high a temperature warmer, because baby's skin is thin and susceptible to
thermal injury.
o Clean the site to be punctured with an alcohol sponge. Dry the cleaned
area with a dry cotton sponge. Hold the baby's foot firmly to avoid sudden
movement.
o Using a sterile blood lancet, puncture the side of the heel in the
appropriate regions shown above in green. Do not use the central portion
of the heel because you might injure the underlying bone, which is close to
the skin surface. Do not use a previous puncture site. Make the cut across
the heelprint lines so that a drop of blood can well up and not run down
along the lines.
o Wipe away the first drop of blood with a piece of clean, dry cotton. Since
newborns do not often bleed immediately, use gentle pressure to produce a
rounded drop of blood. Do not use excessive pressure or heavy massaging
because the blood may become diluted with tissue fluid.
o Fill the capillary tube(s) or micro collection device(s) as needed.
o When finished, elevate the heel, place a piece of clean, dry cotton on the
puncture site, and hold it in place until the bleeding has stopped.
o Be sure to dispose of the lancet in the appropriate sharps container.
Dispose of contaminated materials in appropriate waste receptacles.
Remove your gloves and wash your hands.

HEELSTICK PROCEDURE ILLUSTRATED:

o Heelstick on baby
COLLECTION TUBES FOR PHLEBOTOMY

Red Top

ADDITIVE None
MODE OF Blood clots, and the serum is separated by
ACTION centrifugation
Chemistries, Immunology and Serology,
USES
Blood Bank (Crossmatch)

Gold Top

ADDITIVE None
Serum separator tube (SST) contains a gel
MODE OF
at the bottom to separate blood from serum
ACTION
on centrifugation
USES Chemistries, Immunology and Serology

Light
Green Top

Plasma Separating Tube (PST) with


ADDITIVE
Lithium heparin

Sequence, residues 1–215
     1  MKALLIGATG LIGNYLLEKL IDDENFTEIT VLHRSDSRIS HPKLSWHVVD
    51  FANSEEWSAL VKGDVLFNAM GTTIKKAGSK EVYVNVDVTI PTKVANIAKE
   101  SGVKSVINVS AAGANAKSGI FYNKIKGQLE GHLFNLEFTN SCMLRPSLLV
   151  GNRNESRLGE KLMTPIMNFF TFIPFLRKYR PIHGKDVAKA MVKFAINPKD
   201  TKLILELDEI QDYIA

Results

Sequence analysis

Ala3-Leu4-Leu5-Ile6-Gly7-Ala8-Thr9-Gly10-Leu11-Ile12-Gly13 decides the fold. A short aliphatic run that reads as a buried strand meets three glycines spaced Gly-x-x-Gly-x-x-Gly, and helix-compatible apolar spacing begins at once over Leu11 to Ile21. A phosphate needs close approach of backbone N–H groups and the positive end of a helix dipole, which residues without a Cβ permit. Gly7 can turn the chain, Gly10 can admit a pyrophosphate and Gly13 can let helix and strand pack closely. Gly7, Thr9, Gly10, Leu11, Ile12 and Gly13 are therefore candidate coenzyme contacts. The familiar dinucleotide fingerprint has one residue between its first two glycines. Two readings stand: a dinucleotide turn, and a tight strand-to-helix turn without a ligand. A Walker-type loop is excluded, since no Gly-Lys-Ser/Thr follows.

Anticoagulates with lithium heparin;
MODE OF
Plasma is separated with PST gel at the
ACTION
bottom of the tube
USES Chemistries

Purple Top

ADDITIVE EDTA
MODE OF
Forms calcium salts to remove calcium
ACTION
Hematology (CBC) and Blood Bank
(Crossmatch); requires full draw - invert 8
USES
times to prevent clotting and platelet
clumping

Light Blue
Top

ADDITIVE Sodium citrate


MODE OF
Forms calcium salts to remove calcium
ACTION
Coagulation tests (protime and prothrombin
USES
time), full draw required

Green Top

ADDITIVE Sodium heparin or lithium heparin


MODE OF
Inactivates thrombin and thromboplastin
ACTION
For lithium level, use sodium heparin
USES For ammonia level, use sodium or lithium
heparin

Dark Blue
Top

ADDITIVE EDTA-
MODE OF Tube is designed to contain no
ACTION contaminating metals
Trace element testing (zinc, copper, lead,
USES
mercury) and toxicology
Light Gray
Top

ADDITIVE Sodium fluoride and potassium oxalate


MODE OF Antiglycolytic agent preserves glucose up
ACTION to 5 days
Glucoses, requires full draw (may cause
USES
hemolysis if short draw)

Yellow Top

ADDITIVE ACD (acid-citrate-dextrose)


MODE OF
Complement inactivation
ACTION
HLA tissue typing, paternity testing, DNA
USES
studies

Yellow -
Black Top

ADDITIVE Broth mixture


MODE OF
Preserves viability of microorganisms
ACTION
USES Microbiology - aerobes, anaerobes, fungi

Black Top

ADDITIVE Sodium citrate (buffered)


MODE OF
Forms calcium salts to remove calcium
ACTION
Westergren Sedimentation Rate; requires
USES
full draw
Orange
Top

ADDITIVE Thrombin
MODE OF
Quickly clots blood
ACTION
USES STAT serum chemistries

Light
Brown Top

ADDITIVE Sodium heparin


MODE OF Inactivates thrombin and thromboplastin;
ACTION contains virtually no lead
USES Serum lead determination

Pink Top

ADDITIVE Potassium EDTA


MODE OF
Forms calcium salts
ACTION
USES Immunohematology

White Top

ADDITIVE Potassium EDTA


MODE OF
Forms calcium salts
ACTION
USES Molecular/PCR and bDNA testing
BLOOD CULTURE COLLECTION PROCEDURE
PRINCIPLE: To outline procedure for the proper collection of blood cultures by
venipuncture.
SPECIMEN:
1. Factors to Consider in Site Selection:
A. Scarring - Avoid areas with extensive scarring.
B. Bruising - Specimens collected from a hematoma area may cause erroneous
results.
C. IV Therapy - Do not collect specimen from a site above an IV site. Preferably,
use
opposite arm.
D. Mastectomy - Specimens should not be taken from the side on which a